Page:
As a band performed at Monday’s concert, audience members started to leave their seats to move to a space in front of the stage. As a woman sung energetic tunes in Spanish, couples twirled and groups of friends showed off their dance moves in the orchestra pit at the Buskirk-Chumley Theater.
Soon, the space was filled with dancers as more and more people joined in during the band Orquesta Escuela Vieja’s performance.
The concert was the kickoff event for De Pueblo a Pueblo, a volunteer-based initiative in Bloomington that raises funds for sustainable community projects in areas affected by natural disasters. It is focused on providing funding to grassroots organizations in these areas that provide short-term and long-term solutions.
The proceeds from the benefit concert will go to communities in Puerto Rico, the U.S. Virgin Islands and Mexico that are recovering from Hurricane Irma, Hurricane Maria and recent earthquakes.
The concert included a mixture of Latin American and Caribbean music. The musicians ranged from a cello ensemble to dance bands.
The dance band Soneros de la Caliza, singer Emma Dederick and percussionist Michael Spiro concluded the concert with Puerto Rican music.
IU freshman Miranda Perez said she is from a Hispanic background, and the music brought back memories of dancing with her family during Christmas.
“It was really exciting for me to hear music that was from my culture,” she said.
The event also featured speakers, including Mayor John Hamilton. He addressed the devastation of this year’s hurricane season.
“This has been a hard few months for some of our friends and neighbors in our hemisphere,” he said.
He also briefly mentioned the role of climate change in causing more intense storms.
“Tonight is not a night for politics — but I am a politician,” Hamilton said. “I was in the farmers market the other day, and I got a button that I liked. It says, ‘science is not a liberal conspiracy.’”
Some of the speakers detailed their personal experiences of witnessing the destruction in Puerto Rico.
Cellist and Jacobs School of Music professor Emilio Colón spoke to the audience before his performance. He has lived in Bloomington for 31 years, but he was born and raised in Puerto Rico. He recently visited the territory for 10 days to provide relief, and he saw the destruction caused by Hurricane Maria.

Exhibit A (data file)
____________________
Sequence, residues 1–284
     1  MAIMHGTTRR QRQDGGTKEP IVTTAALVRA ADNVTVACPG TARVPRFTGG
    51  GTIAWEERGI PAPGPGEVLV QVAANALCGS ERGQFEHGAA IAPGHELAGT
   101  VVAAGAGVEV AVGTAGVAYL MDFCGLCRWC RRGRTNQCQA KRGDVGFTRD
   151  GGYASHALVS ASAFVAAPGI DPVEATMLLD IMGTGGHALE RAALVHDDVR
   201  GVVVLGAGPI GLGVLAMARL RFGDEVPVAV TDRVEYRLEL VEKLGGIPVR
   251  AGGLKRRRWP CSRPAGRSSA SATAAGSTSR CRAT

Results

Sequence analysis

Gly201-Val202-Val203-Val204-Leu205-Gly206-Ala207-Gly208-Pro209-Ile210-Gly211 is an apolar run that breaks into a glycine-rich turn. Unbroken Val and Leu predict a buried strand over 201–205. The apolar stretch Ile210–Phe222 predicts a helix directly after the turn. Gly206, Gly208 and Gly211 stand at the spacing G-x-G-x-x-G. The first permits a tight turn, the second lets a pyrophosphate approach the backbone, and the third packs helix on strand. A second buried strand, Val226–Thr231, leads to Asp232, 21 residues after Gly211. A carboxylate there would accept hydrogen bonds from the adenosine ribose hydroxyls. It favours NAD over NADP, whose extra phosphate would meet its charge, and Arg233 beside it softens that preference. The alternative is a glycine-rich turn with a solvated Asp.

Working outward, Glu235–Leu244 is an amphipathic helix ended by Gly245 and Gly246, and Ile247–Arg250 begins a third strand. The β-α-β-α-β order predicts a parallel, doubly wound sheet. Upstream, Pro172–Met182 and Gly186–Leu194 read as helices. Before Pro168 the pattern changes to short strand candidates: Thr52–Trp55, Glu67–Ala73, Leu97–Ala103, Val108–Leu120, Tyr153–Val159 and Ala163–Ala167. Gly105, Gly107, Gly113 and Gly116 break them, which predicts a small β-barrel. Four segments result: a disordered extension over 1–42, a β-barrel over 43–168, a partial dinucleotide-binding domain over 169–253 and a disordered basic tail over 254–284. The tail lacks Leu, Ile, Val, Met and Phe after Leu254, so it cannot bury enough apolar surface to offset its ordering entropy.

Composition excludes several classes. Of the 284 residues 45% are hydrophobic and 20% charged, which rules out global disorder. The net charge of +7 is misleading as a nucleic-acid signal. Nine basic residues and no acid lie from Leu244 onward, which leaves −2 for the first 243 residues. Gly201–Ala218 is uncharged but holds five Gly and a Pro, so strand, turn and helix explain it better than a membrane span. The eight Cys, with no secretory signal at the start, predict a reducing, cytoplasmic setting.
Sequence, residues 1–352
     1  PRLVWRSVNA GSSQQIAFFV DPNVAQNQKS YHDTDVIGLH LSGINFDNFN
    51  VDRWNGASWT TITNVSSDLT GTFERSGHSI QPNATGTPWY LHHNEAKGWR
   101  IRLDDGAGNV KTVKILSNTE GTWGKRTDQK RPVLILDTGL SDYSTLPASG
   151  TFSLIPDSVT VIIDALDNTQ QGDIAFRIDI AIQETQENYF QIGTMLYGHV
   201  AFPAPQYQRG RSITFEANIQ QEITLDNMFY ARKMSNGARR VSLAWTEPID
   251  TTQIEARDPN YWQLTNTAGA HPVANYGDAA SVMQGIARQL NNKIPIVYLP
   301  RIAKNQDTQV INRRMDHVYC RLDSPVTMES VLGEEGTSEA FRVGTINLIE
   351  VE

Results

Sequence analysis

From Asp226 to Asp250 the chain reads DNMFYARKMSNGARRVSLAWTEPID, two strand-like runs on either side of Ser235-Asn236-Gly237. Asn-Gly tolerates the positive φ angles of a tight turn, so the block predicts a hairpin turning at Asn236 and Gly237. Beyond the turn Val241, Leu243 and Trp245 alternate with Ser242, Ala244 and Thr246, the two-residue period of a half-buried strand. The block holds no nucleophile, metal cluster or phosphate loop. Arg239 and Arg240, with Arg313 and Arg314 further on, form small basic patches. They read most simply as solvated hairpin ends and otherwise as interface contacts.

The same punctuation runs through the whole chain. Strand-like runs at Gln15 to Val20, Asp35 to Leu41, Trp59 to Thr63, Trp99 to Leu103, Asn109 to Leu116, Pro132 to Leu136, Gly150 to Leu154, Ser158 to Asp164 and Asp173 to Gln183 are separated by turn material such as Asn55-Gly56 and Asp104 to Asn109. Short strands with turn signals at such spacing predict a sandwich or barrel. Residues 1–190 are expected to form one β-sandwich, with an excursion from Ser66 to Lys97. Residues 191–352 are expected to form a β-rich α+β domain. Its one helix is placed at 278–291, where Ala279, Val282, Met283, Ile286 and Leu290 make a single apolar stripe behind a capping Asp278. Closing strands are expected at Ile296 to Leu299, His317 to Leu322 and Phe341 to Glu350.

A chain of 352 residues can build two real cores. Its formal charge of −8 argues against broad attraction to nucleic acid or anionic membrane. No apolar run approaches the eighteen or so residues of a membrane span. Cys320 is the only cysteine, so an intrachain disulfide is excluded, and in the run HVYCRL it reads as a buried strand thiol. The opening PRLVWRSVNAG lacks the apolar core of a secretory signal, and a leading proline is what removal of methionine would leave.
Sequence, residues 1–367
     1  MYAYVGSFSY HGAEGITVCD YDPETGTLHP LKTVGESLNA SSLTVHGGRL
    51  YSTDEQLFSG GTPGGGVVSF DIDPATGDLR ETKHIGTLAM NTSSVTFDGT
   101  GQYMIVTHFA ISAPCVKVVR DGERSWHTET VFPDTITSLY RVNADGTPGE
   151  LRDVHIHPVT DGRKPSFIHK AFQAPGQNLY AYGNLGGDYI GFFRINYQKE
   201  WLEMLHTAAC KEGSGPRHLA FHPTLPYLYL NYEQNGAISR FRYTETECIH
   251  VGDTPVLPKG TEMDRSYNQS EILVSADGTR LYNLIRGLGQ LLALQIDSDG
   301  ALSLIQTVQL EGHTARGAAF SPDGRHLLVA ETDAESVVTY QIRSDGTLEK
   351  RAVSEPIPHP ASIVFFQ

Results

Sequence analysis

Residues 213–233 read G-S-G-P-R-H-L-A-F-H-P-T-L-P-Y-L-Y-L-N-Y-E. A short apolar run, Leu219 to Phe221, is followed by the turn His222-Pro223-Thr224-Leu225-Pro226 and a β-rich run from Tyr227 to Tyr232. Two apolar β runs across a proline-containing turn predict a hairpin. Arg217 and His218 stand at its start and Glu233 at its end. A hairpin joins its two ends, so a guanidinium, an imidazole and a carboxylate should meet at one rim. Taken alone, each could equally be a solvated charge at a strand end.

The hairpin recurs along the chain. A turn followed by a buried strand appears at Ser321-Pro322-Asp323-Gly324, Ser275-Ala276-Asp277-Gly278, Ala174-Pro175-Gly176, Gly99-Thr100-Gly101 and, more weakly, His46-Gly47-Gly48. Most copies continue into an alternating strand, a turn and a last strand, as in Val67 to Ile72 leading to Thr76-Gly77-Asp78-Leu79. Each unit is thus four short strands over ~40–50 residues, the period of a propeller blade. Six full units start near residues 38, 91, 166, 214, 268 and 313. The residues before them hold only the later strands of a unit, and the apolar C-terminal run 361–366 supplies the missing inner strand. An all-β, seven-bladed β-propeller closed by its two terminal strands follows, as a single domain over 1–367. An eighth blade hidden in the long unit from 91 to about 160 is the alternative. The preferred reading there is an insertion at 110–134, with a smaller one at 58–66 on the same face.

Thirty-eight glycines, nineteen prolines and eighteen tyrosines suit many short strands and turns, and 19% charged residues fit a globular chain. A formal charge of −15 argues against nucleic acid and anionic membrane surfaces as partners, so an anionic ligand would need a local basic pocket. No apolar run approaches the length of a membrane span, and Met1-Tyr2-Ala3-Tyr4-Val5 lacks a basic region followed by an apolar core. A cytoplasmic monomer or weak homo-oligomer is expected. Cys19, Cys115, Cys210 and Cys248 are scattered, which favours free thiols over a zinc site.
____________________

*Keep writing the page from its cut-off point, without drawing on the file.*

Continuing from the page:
Colón emphasized the need to get to the root of the problem through efforts like rebuilding. He described seeing a home where water was falling on the crib of a six-month-old child, who was also surrounded by mosquitos.
“What we need to do as human beings is to make it our job to help one another,” he said.
Colón discussed his decision to perform “Suite de angél” by Argentine composer Astor Piazzolla. He played the three-part piece with cellist Cara Colón and an ensemble of cellists from his studio.
“I chose this piece because it is about the death and resurrection of an angel,” he said. “I know that Puerto Rico will come up strong and resurrect itself.”
Speaker Gloria Colom discussed her experiences in Hurricane Maria, where she found herself “in the eye of the storm” when she was staying with her in-laws in Puerto Rico.
She said she was in the direct path of Hurricane Maria. Streets she said had known for decades were covered in fallen trees, she had limited communication, and she experienced seemingly endless lines for food, water and gas.
Colom said she does not know if people have enough food or water, and she is worried about friends dying from lack of access to medical care.
Communities are trying to rebuild, and Puerto Ricans are helping each other, she said.
“I left Puerto Rico, but Puerto Rico hasn’t left me,” Colom said.
Like what you're reading? Support independent, award-winning college journalism on this site. Donate here.
More in Arts
There’s three types of photos you should never take at a museum.
Tamer El Said will be at the IU Cinema on Friday for an on-stage interview.
The film was released in April of this year.